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BH Media Group v. Clarke

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  1. First Amendment

Amicus brief filed by the Reporters Committee for Freedom of the Press and 23 media organizations

Court: U.S. Court of Appeals for the Fourth Circuit

Date Filed: Sept. 11, 2020

Background: In September 2019, the Richmond Times-Dispatch, Guardian News & Media, Associated Press, and Gannett filed a lawsuit against the director of the Virginia Department of Corrections, contending that the department violated their First Amendment right to access the entirety of execution proceedings when it changed its execution protocol in 2017. The protocol change, which prevents the public from viewing the preparatory portion of the execution process, occurred after the VDOC drew media scrutiny following the problematic execution of Ricky Gray.

VDOC Director Harold Clarke filed a motion to dismiss the suit, which the U.S. District Court for the Eastern District of Virginia granted. The district court held that the First Amendment access right applies only to certain pre-judgment adjudicatory proceedings in a criminal prosecution. The district court determined that, because an execution occurs post-judgment, it is categorically excluded from the First Amendment right of access.

The news organizations appealed to the U.S. Court of Appeals for the Fourth Circuit. They argued that the court should apply considerations of “history and logic,” as instructed by U.S. Supreme Court precedent, to determine whether a First Amendment right of access applies. Under those factors, the right applies when “the place and process have historically been open to the press and general public” and when “public access plays a significant positive role in the functioning of the particular process in question.”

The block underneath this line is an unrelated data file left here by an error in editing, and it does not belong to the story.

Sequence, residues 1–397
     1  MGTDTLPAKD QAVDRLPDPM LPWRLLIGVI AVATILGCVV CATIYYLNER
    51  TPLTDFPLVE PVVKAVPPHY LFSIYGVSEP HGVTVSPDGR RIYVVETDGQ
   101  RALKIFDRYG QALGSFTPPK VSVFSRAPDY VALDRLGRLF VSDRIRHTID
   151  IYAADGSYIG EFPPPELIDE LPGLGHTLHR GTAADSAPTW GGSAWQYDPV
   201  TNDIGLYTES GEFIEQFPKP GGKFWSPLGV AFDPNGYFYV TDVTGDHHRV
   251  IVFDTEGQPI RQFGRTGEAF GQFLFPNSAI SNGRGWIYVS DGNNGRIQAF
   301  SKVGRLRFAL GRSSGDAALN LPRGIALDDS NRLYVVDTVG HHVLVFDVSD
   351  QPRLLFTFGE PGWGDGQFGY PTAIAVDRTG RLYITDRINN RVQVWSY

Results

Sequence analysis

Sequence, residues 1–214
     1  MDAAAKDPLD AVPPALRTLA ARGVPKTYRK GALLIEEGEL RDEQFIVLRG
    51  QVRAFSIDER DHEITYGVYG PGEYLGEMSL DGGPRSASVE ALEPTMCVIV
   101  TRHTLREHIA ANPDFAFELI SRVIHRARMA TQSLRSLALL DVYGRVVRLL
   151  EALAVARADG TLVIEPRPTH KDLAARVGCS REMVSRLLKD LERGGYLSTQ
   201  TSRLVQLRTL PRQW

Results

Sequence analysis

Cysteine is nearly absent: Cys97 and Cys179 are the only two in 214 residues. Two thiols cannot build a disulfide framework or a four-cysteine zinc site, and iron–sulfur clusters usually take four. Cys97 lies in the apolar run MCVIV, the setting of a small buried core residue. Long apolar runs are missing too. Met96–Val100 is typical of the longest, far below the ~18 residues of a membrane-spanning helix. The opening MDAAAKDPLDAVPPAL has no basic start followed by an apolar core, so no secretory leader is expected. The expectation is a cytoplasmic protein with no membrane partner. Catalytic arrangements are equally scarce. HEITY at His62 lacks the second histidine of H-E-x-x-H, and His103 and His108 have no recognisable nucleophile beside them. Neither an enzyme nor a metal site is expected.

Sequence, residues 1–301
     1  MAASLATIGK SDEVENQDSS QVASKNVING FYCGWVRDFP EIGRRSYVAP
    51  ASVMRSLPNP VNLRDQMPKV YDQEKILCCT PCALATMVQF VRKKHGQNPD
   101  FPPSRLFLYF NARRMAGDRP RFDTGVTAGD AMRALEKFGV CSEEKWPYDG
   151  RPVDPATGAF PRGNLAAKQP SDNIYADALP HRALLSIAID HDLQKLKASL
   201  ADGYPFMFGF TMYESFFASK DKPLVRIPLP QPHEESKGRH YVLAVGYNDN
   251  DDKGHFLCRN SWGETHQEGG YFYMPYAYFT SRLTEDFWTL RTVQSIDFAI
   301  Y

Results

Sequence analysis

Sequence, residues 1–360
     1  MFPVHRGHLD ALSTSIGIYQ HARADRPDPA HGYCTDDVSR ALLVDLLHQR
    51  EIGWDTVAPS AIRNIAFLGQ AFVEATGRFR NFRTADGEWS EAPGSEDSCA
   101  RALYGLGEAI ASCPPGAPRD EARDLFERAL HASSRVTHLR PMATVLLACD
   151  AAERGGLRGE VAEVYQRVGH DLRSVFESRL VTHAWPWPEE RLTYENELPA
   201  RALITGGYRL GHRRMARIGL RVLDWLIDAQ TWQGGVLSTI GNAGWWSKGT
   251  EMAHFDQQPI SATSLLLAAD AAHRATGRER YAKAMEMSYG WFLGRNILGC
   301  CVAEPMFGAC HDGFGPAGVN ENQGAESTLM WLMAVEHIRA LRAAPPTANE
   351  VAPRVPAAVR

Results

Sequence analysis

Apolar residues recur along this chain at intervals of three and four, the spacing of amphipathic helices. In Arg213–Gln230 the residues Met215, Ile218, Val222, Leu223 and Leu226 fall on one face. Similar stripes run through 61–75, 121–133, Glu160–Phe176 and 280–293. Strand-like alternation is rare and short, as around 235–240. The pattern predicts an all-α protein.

Our Position: The Fourth Circuit should reverse the district court’s decision dismissing the news organizations’ complaint and remand the matter to the district court so it can apply the history and logic framework to its decision.

  • The First Amendment right of access plays a structural role in our representative democracy.
  • The First Amendment right of access is key to preserving other constitutional rights such as the ability of the public and legislators to make an informed decision about the validity and efficacy of capital punishment.
  • The district court misread Supreme Court and circuit precedent when it concluded that the First Amendment right of access applies only to pre-judgment criminal adjudications.

Attorneys at the Southern Methodist University First Amendment Clinic and Vinson & Elkins LLP represented the media coalition in this brief.

Quote: “Access to information about government proceedings allows voters, legislators, and judges to evaluate those proceedings and ensure they comply with other Constitutional guarantees.”

Related: Earlier this year, the Reporters Committee, Society of Professional Journalists, and 15 media organizations filed a friend-of-the-court brief supporting an attorney seeking access to records about the Indiana Department of Correction’s lethal injection drugs. The brief argued that a state law making the identity of lethal injection drug suppliers confidential violates the First Amendment and restricts important reporting on a matter of public concern.